With no formal coaching background, he was more teacher than trainer, demanding strong ethics, a solid skill foundation, and organization from his players. These ideals contradicted the free-flowing nature of Caribbean soccer, but it didn’t take long for his teams to gain recognition against better-established clubs from the capital city.

 

As San Cristóbal’s first soccer generation became coaches, El Maestro’s empire propagated. In 1979, San Cristóbal’s Lázaro Amado Povea helped Cuba’s national team to a Pan American Games silver medal. (He went on to play in the Olympics in 1980 and the Pan Am Games again in 1983.) And when FC Pinar del Río, the provincial team that represented San Cristóbal, was born in 1978, it looked to the town to fill most of its roster. In fact, Santos, who coached the team until 1986, remembers that 12 of the 20 players on its 1987 squad hailed from El Maestro’s hometown.

 

“That high volume of players is an idiosyncrasy within San Cristóbal,” says Mario Lara, a Cuban-American and ex-Pinareño, and the author of Cuba’s premier soccer blog, Futbol de Cuba. “These players have clearly been exposed to soccer from a very young age.”

 

One of those players was a stocky goal-scorer named Osvaldo Alonso Sr. Raised in a fenced-in one-story house across the street from El Maestro’s training ground, Alonso was most at home putting the ball in the net. It’s rumored that during his early years with FC Pinar del Río, his coach put him into a match down 3–0 with a simple message: “Score goals.” He did, five in fact, marching his team to a 5–3 win in the second half.

 

Alonso Sr. led the league in scoring in 1986, and, thanks to an early goal by San Cristóbal native Rigoberto “Nany” Cruz, the league won FC Pinar del Río’s first national championship in 1987. In the face of traditional soccer hotbeds Villa Clara and Havana, Alonso Sr.’s squad established tobacco country’s first soccer dynasty, winning four titles between 1987 and 1992 and becoming the first Cuban team to reach the finals of the CONCACAF Champions Cup in both 1989 and 1990. In the two-leg 1990 final, the amateur team famously tied Mexico’s legendary Club América in La Bombonera, but, having never played above sea level, couldn’t compete in the high-altitude throne of Estadio Azteca.

 

When Alonso Sr.’s son, Osvaldito, made his debut with FC Pinar del Río a decade later, it was only natural for San Cristóbal to dream of more titles. In the spring of 2007, with Pozo and Alcantara playing alongside him, Osvaldito made good on that dream, winning FC Pinar del Río’s seventh championship (the team also finished first in 1995 and 2000)—the third most in Cuban league history—in San Cristóbal’s backyard.

 

But that celebration was short-lived. That summer, Pozo headed to U-23 camp ahead of Cuba’s Olympic qualification rounds, and Osvaldito and Alcantara joined Cuba’s senior national team for the Gold Cup in the United States. Less than a week into the tournament, Osvaldito tempted fate in a Texas Walmart, walking away from his teammates and the national team forever.

 

From there, Osvaldito’s journey is well documented. After running into the muggy Texas night and catching a bus to Miami, the 21-year-old midfielder started over, building a decade-long soccer career that took him from playing for the semipro Charleston Battery to captaining Major League Soccer’s Seattle Sounders. In 2016, he helped the club to its first professional championship, cementing his place as the most successful Cuban soccer player in history.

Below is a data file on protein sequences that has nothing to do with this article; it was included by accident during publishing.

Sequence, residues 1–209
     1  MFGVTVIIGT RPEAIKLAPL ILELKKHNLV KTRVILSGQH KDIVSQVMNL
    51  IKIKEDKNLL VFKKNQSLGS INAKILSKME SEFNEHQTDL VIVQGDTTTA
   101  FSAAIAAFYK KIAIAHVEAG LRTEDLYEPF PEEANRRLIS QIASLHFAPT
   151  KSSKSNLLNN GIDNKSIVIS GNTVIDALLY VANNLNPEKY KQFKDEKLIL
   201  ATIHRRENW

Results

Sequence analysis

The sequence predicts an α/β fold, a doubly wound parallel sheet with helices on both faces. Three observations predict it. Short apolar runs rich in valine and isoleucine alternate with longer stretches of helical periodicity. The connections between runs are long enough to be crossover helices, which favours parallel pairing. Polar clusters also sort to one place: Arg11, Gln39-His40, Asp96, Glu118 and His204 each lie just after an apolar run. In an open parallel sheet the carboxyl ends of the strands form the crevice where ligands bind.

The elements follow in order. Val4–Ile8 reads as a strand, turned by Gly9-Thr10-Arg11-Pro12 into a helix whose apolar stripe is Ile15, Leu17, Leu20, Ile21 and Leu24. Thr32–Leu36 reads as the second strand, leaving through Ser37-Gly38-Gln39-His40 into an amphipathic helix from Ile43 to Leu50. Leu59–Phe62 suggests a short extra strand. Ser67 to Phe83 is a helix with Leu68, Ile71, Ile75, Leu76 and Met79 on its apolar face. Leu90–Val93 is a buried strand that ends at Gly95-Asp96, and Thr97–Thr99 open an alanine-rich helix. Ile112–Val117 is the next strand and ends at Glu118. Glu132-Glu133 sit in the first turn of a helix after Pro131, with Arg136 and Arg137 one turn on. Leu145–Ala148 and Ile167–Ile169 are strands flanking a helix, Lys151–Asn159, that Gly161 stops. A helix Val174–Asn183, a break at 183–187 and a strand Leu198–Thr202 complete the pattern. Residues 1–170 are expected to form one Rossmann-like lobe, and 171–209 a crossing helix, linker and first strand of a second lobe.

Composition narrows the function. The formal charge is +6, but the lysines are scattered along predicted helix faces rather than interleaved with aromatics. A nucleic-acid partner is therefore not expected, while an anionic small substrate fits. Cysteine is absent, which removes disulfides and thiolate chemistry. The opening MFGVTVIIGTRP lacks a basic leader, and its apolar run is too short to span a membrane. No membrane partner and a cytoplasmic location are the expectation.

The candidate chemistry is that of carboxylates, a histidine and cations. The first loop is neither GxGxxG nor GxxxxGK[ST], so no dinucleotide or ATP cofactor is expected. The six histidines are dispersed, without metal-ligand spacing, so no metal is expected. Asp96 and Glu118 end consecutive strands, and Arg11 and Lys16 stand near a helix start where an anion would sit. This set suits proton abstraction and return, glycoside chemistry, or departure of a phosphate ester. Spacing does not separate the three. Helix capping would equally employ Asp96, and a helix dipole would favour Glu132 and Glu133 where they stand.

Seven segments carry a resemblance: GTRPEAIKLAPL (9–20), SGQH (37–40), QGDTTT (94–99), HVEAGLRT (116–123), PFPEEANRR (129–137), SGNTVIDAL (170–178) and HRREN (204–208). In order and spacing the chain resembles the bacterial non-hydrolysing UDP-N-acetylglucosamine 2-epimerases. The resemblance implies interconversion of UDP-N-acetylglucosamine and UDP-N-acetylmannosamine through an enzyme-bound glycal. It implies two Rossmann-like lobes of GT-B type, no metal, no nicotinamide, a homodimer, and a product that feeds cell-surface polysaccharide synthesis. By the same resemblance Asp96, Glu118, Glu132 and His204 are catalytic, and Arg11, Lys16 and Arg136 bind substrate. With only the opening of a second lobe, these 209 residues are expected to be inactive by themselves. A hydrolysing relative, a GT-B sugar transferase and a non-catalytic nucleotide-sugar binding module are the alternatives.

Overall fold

Back in the national training center in Havana, news of Osvaldito’s defection flew from dorm to dorm. Pozo still remembers the face of the women’s national team player who burst into his room. “She broke down,” he recalls. “She was just crying and yelling, ‘se acabó, se acabó.’” It’s over.

 

Pozo and Osvaldito had started playing together at age nine, rising through the ranks of San Cristóbal’s youth system side by side. After Osvaldito got the call-up to FC Pinar del Río’s senior team, Pozo followed him a game later. Together they went to the capital to train with the U-17 national team, and then with the U-23s, even sharing rooms at the national training facility. But that August, Pozo went back to San Cristóbal alone.

 

“We had to get accustomed to the field without [Osvaldito],” says Pozo. “I still feel his absence.”

 

Pozo still roams the midfield in San Cristóbal, but the 32-year-old no longer wears green and white. In Cuba’s national soccer league, teams are designated via geographic location, meaning that most players represent their hometown club for life. However, when Cuba rezoned his town from Pinar del Río province into the newly formed Artemisa Province in 2011, FC Pinar del Río was split in two, casting Pozo and the rest of San Cristóbal from the dynasty they had helped create.

III

 

Cuban soccer is a revolving door. While the national government takes care of its baseball stars, soccer players are not professionals and remain unpaid, with many unable to afford cleats or other basic equipment. Some teams take public buses to games, but others file into the back of taxi colectivos or trucks flagged down along the highway, hoping to make kickoff. Cuba’s Campeonato Nacional hasn’t helped matters in recent years. Instead of a playoff to decide a league winner, lower level clubs must win a play-in, round-robin, just to get into the regular season. Lose, and the off-season starts before the season even kicks off. For Pozo, that off-season has lasted nearly half a decade.

 

Cuban players strive to make the national team not because it offers them more pay, but because it offers them a ticket out. Over two dozen national team players have defected to the United States while playing abroad since 1999. While baseball players have historically paid high-profile agents to smuggle them off of the island, soccer players must execute their plans alone and in secret, hoping for a window of freedom on an away trip. In 2008, a year after Osvaldito’s flight, Alcantara left Cuba’s senior squad from a Washington, D.C., hotel. Months before, seven players disappeared from Pozo’s U-23 team in Tampa, leaving his squad to play an Olympic qualification match with only 10 men.